I had to laugh about waiting for your chicken to cook... I nearly starved my dinner guests to death one night... ended up serving salad and side dishes... and then dessert... we ate the chicken the next night on a salad.
            :)

            1. One thing worth doing no matter your altitude is to get an oven thermometer. I have seen very few ovens that don't need adjusting. Get one the next time you're at Target, and just leave it in your oven.

              2 Replies
              1. re: JK Grence the Cosmic Jester

                I totally agree. But isn't it pathetic, you pay $ 500 to $ 1000 for an oven and then have to verify it's working correctly with a $ 5 thermometer? Shame on the oven manufacturers for not building more reliable, robust ovens with built in self checks. We have a digital oven/range that's about 3-years old and it was off by 50 degrees.

                1. re: Antilope

                  I don't know about your digital unit, but the oven temperature adjustment for conventional electric ovens is just a little disk on the back of the oven control knob. It just alters how the numbers on the knob line up with the mark on the panel.

              2. I have the same problem! I have great results at home with high-heat roasting, but when I visit my family in Wyoming, I'm often cooking for dinner parties. Roasts should be the easiest thing for a group, but not here! I start with the meat at room temperature, and it takes seemingly forever for the meat to come up to 100 degrees internally. Then, when the meat finally reaches the appropriate temperature for the doneness we want (usually medium-rare), and let it rest, we cut into it to find it done to medium-well or well!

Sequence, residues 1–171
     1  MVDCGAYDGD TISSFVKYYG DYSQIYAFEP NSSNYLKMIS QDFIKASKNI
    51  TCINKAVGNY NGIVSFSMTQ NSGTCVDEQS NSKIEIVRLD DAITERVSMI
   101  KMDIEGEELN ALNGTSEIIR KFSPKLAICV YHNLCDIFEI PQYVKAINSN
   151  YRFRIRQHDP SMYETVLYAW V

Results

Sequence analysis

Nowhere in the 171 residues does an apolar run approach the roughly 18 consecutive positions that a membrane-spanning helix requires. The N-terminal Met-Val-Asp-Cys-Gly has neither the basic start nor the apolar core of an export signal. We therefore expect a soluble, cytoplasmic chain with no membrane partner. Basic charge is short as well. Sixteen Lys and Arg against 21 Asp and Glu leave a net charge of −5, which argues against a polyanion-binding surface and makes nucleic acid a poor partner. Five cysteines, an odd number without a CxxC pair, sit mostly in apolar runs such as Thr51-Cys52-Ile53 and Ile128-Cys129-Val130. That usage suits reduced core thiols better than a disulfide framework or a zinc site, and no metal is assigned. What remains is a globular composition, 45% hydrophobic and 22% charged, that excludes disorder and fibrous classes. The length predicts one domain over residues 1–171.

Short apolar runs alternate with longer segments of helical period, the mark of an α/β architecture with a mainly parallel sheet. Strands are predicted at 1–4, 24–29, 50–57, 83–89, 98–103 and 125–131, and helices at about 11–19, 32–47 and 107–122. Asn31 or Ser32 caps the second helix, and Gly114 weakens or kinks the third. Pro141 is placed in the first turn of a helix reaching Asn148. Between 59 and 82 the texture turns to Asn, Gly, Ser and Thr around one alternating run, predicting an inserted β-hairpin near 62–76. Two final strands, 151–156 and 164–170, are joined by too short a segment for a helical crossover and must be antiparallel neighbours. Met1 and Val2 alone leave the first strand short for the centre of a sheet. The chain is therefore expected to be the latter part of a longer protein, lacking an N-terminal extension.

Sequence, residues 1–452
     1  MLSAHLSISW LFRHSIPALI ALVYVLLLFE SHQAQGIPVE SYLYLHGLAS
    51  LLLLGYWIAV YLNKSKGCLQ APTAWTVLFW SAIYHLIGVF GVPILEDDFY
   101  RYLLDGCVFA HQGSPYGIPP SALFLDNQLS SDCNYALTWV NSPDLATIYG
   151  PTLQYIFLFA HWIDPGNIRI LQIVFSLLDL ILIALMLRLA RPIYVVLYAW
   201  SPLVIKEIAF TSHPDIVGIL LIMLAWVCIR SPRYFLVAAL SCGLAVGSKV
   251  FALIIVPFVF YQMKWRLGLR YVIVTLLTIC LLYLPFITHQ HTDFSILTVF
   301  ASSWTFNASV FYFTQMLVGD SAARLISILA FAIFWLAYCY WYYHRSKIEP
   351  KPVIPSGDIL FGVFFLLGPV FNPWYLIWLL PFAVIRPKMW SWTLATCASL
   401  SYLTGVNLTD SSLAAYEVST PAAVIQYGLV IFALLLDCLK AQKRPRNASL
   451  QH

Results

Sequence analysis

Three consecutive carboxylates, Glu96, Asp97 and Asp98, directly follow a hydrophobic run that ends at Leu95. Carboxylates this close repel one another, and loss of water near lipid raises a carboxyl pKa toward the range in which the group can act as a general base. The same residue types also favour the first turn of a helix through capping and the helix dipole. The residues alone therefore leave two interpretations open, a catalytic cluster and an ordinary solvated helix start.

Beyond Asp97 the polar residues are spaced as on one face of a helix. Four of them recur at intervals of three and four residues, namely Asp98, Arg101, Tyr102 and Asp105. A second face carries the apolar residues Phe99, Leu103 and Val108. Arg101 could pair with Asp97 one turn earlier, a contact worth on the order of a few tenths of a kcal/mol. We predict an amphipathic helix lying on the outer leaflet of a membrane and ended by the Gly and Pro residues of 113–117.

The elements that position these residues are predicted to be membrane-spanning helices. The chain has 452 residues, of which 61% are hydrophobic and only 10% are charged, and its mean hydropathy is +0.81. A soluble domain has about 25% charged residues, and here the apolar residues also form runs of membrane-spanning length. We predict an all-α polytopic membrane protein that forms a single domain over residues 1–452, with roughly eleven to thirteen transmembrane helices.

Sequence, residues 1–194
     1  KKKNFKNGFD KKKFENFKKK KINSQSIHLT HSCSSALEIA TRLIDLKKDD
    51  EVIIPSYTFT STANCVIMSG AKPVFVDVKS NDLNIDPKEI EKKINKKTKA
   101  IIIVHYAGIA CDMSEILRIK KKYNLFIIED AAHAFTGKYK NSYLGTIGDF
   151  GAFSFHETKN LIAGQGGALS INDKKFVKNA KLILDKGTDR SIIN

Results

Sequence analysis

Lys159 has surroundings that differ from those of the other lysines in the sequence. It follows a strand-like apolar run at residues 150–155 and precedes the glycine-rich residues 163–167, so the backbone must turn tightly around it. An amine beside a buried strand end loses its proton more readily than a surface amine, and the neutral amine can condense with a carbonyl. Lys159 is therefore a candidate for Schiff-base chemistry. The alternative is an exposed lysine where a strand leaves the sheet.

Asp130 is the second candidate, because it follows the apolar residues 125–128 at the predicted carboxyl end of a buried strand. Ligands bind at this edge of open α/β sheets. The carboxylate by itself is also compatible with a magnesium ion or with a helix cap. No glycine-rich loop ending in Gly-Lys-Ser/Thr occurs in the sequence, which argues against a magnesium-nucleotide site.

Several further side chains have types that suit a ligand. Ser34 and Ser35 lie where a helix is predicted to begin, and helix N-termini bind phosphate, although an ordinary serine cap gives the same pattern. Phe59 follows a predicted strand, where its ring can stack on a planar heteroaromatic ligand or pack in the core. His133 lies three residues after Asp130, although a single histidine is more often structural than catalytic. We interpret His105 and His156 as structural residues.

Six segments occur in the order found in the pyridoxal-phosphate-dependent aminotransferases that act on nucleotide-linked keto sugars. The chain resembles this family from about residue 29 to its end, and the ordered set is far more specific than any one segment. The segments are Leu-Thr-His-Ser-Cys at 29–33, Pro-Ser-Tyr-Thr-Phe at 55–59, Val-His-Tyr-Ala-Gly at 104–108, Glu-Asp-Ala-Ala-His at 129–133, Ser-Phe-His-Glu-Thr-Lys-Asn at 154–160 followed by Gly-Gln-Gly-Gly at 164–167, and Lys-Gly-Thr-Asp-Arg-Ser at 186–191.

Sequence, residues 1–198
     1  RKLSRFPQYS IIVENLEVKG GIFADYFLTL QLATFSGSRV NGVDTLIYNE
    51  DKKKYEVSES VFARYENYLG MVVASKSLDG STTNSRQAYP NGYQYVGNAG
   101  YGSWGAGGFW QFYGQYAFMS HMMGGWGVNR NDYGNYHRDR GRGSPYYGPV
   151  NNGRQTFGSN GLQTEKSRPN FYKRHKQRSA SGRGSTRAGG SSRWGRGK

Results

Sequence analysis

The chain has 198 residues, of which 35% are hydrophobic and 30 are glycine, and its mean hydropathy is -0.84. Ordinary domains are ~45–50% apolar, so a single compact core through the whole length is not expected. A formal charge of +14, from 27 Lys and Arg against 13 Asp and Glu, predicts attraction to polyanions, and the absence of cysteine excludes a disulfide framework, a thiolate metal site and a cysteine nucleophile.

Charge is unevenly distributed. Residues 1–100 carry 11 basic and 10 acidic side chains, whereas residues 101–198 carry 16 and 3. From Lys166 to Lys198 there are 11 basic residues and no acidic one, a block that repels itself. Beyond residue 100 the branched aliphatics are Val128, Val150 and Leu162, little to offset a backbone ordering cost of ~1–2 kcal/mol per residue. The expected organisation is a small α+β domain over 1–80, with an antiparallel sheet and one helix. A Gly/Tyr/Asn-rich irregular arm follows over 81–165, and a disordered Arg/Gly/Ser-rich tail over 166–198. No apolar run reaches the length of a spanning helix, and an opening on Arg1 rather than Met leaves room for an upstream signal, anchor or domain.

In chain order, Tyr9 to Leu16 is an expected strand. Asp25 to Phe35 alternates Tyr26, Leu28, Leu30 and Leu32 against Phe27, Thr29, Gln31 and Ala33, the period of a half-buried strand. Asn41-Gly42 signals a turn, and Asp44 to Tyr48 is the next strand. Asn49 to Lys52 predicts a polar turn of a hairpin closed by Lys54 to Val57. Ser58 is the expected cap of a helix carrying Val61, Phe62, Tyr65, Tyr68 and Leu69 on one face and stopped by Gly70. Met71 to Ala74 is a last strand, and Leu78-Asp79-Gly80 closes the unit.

Oven temperature is accurate & 2 instant thermometers confirm the meat temperature. I'll gladly try the pan of water in the oven, but I'd still appreciate other explanations/advice. I'm generally a good cook & this is very discouraging!

                Thanks!!

                1 Reply
                1. re: misspastina

                  I live at 7,800 feet, and if I cook beef to 112-115f and rest 5 minutes to achieve medium rare. I don't understand why it has to be that low, but after many very disappointing steaks and roasts, I just do it this way. I put a fixed meat thermometer into the center of the roast and then test in random spots (making sure the center is one of them) with a Thermopen, which is an instant read from the tip of the probe. I was told at a cooking class that the Thermopen works best to insert it all the way into the beef, then pull it out very slowly, getting readings from different depths of the meat. It seems to work great this way. I am still perfecting the Sous Vide temperature for beef, but it is not above 120f for sure. I will try 118 next time. I also don't understand the temperature variation in cooking, but I do know what works now. (So much for safe beef temperatures)